"I might have been one of the last people to leave last night after the game, and our manager Stu Cole called me and said, 'Hey,' and told me the situation," Blackmon said before Saturday's game against the Marlins. "It was short notice, but I made it."
The situation came up because Gonzalez's grandfather passed away Friday. Gonzalez returned to Venezuela, and by Major League Baseball's bereavement policy, he will miss at least three games and no more than seven.
"I'm happy to be here," Blackmon said. "It's unfortunate the circumstances, but hopefully I can be here and help out."
Blackmon played 27 games with the Rockies last year, hitting .255 (25-for-98) until a right foot fracture on July 7 ended his season. The Rockies outfield has been tough to crack this year, with regulars Gonzalez, Dexter Fowler and Michael Cuddyer barely making room for standouts Eric Young Jr. and Tyler Colvin. Only two outfielders have been called up previously this season, Andrew Brown and Matt McBride, who made just one outfield start while playing first base three times.
"I talked to him about the fact of putting his pregame work in both corners of the outfield," manager Jim Tracy said of Blackmon. "Didn't want to pull any punches with him. I wanted to be right up front about the fact that if there's any situation that develops for him in the next few days or so, it would be more inclined in the corner outfield than it would in center field, because we've got three guys here right now who do a pretty [darn] good job in center field."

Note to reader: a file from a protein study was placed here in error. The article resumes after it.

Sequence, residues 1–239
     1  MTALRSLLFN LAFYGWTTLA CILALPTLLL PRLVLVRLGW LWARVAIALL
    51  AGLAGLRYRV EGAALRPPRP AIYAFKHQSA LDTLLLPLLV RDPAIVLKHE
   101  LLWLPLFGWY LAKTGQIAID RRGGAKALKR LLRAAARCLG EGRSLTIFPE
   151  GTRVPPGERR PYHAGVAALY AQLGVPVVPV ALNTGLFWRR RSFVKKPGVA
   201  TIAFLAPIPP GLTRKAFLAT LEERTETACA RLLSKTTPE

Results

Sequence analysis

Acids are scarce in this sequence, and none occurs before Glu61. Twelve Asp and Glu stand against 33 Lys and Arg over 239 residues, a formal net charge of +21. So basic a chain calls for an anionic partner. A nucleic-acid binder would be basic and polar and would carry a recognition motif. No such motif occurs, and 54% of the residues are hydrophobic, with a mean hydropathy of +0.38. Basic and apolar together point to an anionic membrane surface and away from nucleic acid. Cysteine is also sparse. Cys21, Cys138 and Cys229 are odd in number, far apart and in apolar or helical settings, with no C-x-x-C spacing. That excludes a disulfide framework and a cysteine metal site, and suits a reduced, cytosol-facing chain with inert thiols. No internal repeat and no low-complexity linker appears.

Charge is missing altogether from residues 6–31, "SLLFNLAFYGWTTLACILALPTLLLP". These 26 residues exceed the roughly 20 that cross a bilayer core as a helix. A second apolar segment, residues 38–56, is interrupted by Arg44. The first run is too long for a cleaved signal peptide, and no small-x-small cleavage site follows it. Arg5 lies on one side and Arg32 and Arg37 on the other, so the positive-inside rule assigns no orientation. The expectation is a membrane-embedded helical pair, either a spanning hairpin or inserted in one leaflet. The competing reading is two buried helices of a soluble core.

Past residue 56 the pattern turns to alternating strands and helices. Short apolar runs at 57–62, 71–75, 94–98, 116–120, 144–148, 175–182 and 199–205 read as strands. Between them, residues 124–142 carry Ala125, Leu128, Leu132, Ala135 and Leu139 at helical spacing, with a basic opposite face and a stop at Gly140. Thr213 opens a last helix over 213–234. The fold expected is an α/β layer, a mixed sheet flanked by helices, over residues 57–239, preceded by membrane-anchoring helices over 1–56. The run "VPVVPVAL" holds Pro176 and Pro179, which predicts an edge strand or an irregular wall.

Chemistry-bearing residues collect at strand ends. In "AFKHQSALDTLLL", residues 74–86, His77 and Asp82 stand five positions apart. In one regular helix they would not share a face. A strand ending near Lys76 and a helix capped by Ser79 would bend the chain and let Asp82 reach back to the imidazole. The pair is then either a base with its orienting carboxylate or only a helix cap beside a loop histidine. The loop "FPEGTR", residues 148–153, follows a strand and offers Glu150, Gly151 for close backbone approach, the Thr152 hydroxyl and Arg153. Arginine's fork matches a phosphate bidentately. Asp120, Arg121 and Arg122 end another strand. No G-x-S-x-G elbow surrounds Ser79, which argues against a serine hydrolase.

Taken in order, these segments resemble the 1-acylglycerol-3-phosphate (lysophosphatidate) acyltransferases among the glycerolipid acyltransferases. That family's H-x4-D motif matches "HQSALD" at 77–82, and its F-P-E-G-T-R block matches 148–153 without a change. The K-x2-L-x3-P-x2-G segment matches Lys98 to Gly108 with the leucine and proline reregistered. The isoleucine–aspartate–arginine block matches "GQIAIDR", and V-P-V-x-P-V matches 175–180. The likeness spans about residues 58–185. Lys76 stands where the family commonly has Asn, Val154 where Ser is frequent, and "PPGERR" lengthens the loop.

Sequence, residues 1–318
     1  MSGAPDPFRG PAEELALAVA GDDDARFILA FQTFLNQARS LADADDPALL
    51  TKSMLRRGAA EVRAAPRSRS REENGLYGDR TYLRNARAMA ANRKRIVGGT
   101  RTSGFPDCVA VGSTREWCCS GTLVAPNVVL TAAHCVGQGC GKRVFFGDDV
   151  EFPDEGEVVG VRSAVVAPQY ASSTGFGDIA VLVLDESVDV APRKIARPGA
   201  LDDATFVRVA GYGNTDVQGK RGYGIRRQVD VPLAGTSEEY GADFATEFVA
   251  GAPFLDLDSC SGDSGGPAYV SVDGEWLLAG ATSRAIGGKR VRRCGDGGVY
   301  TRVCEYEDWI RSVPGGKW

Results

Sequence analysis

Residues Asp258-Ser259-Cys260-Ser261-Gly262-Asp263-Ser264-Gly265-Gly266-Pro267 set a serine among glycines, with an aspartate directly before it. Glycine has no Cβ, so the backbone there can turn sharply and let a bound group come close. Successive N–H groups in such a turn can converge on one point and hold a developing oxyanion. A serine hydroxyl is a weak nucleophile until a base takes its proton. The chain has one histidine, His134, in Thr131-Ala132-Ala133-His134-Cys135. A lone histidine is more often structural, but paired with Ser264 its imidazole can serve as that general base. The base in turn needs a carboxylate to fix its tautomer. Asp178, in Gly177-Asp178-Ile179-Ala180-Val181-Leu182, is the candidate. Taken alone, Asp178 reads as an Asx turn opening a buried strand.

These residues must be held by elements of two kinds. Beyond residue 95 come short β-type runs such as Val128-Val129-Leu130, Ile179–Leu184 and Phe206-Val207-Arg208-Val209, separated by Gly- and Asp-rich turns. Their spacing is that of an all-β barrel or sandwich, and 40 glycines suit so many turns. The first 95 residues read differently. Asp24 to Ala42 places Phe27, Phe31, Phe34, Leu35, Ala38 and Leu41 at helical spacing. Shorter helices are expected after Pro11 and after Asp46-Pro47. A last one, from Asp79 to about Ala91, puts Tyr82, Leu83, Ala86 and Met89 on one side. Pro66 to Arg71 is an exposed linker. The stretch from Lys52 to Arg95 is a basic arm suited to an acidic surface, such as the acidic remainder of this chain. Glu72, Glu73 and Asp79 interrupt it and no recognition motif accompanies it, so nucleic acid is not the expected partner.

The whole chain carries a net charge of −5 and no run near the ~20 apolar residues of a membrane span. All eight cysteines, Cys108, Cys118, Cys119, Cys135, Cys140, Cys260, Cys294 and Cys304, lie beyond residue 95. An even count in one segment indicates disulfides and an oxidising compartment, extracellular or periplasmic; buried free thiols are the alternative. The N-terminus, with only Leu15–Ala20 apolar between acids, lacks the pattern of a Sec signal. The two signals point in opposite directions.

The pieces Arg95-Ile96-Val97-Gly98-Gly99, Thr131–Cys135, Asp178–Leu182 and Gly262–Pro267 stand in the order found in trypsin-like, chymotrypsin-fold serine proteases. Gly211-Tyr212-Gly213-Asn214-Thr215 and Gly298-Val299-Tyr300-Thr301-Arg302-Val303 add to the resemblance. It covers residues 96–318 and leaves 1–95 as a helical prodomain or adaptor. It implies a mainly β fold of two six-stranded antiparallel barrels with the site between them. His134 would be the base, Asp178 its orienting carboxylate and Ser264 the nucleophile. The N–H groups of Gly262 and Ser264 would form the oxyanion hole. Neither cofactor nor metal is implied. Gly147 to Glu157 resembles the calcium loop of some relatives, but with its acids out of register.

After starting the season on the disabled list with turf toe in his right foot, Blackmon rehabbed with short-season Tri-Cities, then played 55 games for Colorado Springs, where he hit .303 (69-for-228) with 18 doubles, four triples, five homers and 34 RBIs. He said his foot is under control and he's mostly dealing with preventative maintenance.
"I knew the adjustment that he made in Spring Training," Tracy said. "He's working at using the lower half of his body better than he did when he was here the first time around last year. If numbers tell you anything, it looks like he's driving the ball better from what I saw statistically."
Blackmon should feel at home in the Rockies' clubhouse, both due to his time with the parent club last season, and with his time in the Minors with so many of the young regulars pacing the club.
"It's great to see a lot of the guys have success in Triple-A and then come up here and move on and carry that success over to the big leagues," Blackmon said. "I'm all discombobulated. It's the first day, I've got stuff going on, and I feel like I'm late every five minutes."